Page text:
This year we will be avoiding these months and will likely return mid April, in time for Songkran. If we had kids we wouldn’t be here full stop, same if we had anyone really old with us. The air is not unpleasant most of the time but there were a few days this year when you could feel it in your throat and eyes. It is certainly not healthy and lung cancer levels are high in the region.
How long can you stay?
Most countries get a visa exempt 30 days on arrival in Thailand. In August 2014 a new law was passed allowing tourists to extend for an extra 30 days at any immigration office. If you plan on staying for longer you will need to apply for a tourist visa from the Thai Embassy in your country, or any other country.
Tourist visas last two months and can be extended for 30 days at an immigration office. Many countries including the UK, Philippines and nearby Laos offer double entry visas, giving you up to 6 months. You will just have to extend twice and hope over into Burma for 10 seconds to activate the second visa, this is a 3 hour drive away.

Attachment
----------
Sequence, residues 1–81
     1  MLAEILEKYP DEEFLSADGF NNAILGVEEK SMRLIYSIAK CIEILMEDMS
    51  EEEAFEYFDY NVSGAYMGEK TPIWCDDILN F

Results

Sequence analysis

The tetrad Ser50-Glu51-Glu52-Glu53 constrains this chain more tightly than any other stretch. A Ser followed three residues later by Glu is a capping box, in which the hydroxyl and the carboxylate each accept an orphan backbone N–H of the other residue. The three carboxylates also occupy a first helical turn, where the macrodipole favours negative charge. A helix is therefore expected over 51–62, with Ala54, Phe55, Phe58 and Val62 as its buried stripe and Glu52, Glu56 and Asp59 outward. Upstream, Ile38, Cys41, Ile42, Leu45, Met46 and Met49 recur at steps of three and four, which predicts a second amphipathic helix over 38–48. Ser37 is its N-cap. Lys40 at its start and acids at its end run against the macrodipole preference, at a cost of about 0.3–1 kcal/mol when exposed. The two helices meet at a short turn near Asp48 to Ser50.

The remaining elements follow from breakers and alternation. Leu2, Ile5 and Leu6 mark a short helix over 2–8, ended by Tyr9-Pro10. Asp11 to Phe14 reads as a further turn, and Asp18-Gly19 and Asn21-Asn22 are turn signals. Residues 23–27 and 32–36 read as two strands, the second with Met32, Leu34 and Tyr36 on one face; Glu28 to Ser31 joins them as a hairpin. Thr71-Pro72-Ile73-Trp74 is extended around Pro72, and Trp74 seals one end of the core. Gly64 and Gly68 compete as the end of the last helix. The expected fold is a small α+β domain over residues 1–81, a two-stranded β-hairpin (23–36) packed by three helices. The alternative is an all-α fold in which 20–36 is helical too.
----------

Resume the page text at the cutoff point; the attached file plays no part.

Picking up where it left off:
If you are studying, working or volunteering then you will need a visa which corresponds with your activity. it is best to arrange this before arrival in the country, otherwise you may need to leave and visit a Thai Embassy outside of Thailand to get a visa.
We have just used 4 tourist visas, getting a refill in Laos 6 months ago. If you keep repeating this they will warn you e.g. they may add a red warning in your passport if you use the Vientiane Thai Embassy two or three times on the run. This helped us make the easy decision to do some backpacking for a few months, with the bonus of missing the smokey season.
We have an apartment with a lovely view of the mountain in Chiang Mai and it is so cheap that we will just keep paying the rent whilst away. Chiang Mai has direct flights to a few other countries and domestic fares can be very cheap. We will go to the UK for a month next summer and then maybe go to live in Japan for a while. If the work permit doesn’t work out in Japan I think Ubud in Bali should be a good place, then somewhere closer to home like the Canary Islands. It is great not having to plan too far ahead and I genuinely don’t miss living in a big house or the added luxuries of the UK.
Guest Post by Matthaius Mayer